5 reasons why Taiwan is one of the hottest destinations in Asia
So you’ve wandered the Great Wall, picked a Japanese cherry blossom and chewed pad thai on the palm-fringed beaches of Ko Samui. But have you, oh intrepid explorer, ever been to Taiwan?
If the answer is ‘no’, read on to discover an underrated island of soaring green mountains, marble cliffs, unspoiled beaches and sizzling street food. If the answer is ‘yes’, read on anyway and try not to look so smug.
Written by James Shackell
There’s a pretty good chance you’re reading this on a Taiwanese-made gadget – the little islands off the coast of China churn out most of the world’s technological goodies. But if digital industry isn’t your idea of a good time, never fear, Taiwan also has some of the most staggeringly beautiful landscapes, vibrant cities, friendly locals and world-class fusion cuisine in Asia. It’s a burgeoning travel destination, but if you’re quick you can avoid the crowds and discover a tranquil beauty that’s definitely ‘Made in Taiwan’.
1. Taroko Gorge
It’s hard to make geology sexy. Rocks aren’t usually all that exciting. Layers of strata tend to bore. But the Taiwanese are lucky to have Taroko Gorge – a winding maze of compacted marble cliffs, huge cut-out tunnels burrowing straight into the mountain, rushing rapids far below and towering green mountains eclipsing the sky on all sides – that’s one of the coolest canyon systems you’ll find outside of Nevada.
Known as one of the 7 Wonder of Asia, it’s basically the perfect setting for a James Bond car chase (or a grassroots Intrepid adventure). For you culture vultures, there are also a number of temples hidden among the mists and forest valleys. Xiangde Temple in particular is a must-see: a layered Buddhist pagoda rising from the trees in a flash of red and gold. Cars can’t reach Xiangde, so it’s just as serene now as it was when built in 1968.
2. The food scene
When people think cutting-edge cuisine, fine dining, finger-licking street food and fabulous fusion, they don’t think of Taiwan. But all that is beginning to change. Taiwan has exploded as a foodie hotspot in the last few years, with award-winning chefs setting up shop in Taipei and night markets to rival anything in Thailand, Japan or Singapore. Head to Ningxia and lose yourself in the smell of soy, rice wine, smoky chargrilled chicken, sesame and fermented tofu.
Because of the island’s colourful history, its cuisine is spiked with flavours from China, Japan and Portugal. Don’t miss trying xiaolongbao (delicate pork dumplings filled with soup broth and steamed), niu rou mian (braised beef brisket and bok choy over egg noodles in clear, delicious broth – a great jetlag cure) and gua bao (succulent pork belly sandwiches with pickles, peanut powder and cilantro served on a steamed white bun.)
3. Qingshui Cliff
You know that scene in King Kong, when the film crew sees Skull Island for the first time? Qingshui has a similar vibe. These plunging jungle-covered cliffs knifing down into the blue waters of the Pacific are like something from a by-gone age. Which makes sense, as scientists have dated the rocks here as some of the oldest in Taiwan. They’re a brooding series of coastal bluffs, with great photo opportunities around every bend.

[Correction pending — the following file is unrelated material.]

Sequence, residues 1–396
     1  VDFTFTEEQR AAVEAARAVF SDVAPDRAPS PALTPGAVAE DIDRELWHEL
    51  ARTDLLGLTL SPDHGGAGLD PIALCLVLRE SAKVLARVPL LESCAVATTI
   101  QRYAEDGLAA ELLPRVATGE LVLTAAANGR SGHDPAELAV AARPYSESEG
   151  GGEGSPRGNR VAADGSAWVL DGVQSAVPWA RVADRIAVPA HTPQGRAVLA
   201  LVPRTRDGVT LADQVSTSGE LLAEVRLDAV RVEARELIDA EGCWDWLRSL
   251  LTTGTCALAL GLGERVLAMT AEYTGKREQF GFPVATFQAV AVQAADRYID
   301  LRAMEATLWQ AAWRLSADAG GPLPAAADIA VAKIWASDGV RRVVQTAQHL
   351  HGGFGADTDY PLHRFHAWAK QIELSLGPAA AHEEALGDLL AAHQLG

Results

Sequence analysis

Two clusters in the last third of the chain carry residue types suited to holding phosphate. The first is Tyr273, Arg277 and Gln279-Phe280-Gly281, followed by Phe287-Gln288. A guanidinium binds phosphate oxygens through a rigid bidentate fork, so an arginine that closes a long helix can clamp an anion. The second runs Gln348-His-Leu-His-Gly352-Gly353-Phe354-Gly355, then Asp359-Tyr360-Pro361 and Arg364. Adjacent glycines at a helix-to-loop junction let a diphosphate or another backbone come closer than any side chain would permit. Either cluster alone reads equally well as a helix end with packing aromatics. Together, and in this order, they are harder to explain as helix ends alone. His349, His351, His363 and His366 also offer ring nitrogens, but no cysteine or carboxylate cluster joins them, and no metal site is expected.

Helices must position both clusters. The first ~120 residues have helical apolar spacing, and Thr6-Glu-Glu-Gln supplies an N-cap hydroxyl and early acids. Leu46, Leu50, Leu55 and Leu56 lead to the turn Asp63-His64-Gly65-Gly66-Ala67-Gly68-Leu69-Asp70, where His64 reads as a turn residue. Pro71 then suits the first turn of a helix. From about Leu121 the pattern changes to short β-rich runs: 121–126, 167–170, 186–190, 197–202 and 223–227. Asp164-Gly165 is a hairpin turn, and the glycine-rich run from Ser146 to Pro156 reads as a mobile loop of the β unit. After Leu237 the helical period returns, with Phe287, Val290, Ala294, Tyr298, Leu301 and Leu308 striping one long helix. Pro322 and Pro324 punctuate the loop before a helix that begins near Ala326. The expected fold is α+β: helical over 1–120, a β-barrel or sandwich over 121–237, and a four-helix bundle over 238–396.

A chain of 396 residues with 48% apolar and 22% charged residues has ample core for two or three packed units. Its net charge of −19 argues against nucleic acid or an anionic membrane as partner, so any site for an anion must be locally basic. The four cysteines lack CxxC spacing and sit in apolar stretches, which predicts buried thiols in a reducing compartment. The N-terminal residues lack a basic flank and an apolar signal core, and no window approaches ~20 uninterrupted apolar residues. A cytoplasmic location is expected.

The only evidence that they’re not a set from The Lost World is one tiny homage to human ingenuity: a coastal highway that clings to them about halfway up the slope and winds down the coast from Chondge to Heren. It’s one of the most spectacular drives you’ll ever take, with the cliffs looming above you on one side and a sheer 120 metre-drop to the ocean on the other.
4. Country life
Taipei’s neon glow is your first stop when flying into the country, but it’s the rural cities and counties that often offer up the most surprises. South-east of the capital you’ll find Yilan, a thriving cultural centre and home to several traditional whiskey distilleries. Taiwan isn’t the place you’d expect to find classic single malt scotches, but the spirits here are gathering a rapid following around the world for their smooth flavour.
Head further north along the coast and you’ll reach Jiufen, a gold-rush town surrounded by the rock formations and hoodoos of the Yehliu National Geo Park. After a long day exploring these natural wonders, chatting to locals over street food and cheap beer at Jiufen’s Ximending Night Market is the perfect way to unwind. Wherever you go, it’s hard not to be charmed by the warmth and hospitality of the Taiwanese people. Despite the looming presence of China on their doorstep, their upbeat optimism and broad smiles are infectious.
5. Sun Moon Lake
The jewel in Taiwan’s crown is undoubtedly Sun Moon Lake. Legend has it that a Thao hunter was chasing a white deer when he stumbled through the trees and saw the water. Since time immemorial the lake has been an abundant source of fish for the surrounding region, as well as Taiwan’s most famous natural attraction. What really sells this place, though, is the setting: lush mountain peaks and cloud-covered hills surround the lake and dawn mists rise off the water.
For cyclists there’s a track circumnavigating the lake that has been named one of the top ten in the world by CNN. And obviously with the supply so close to hand, finding fresh seafood couldn’t be easier. If you really want to see the lake at its best, though, rise at dawn – when the light is right the lake and surrounding mountains come alive in subtle shades of pink and purple.
Read more Taiwan travel guide at here.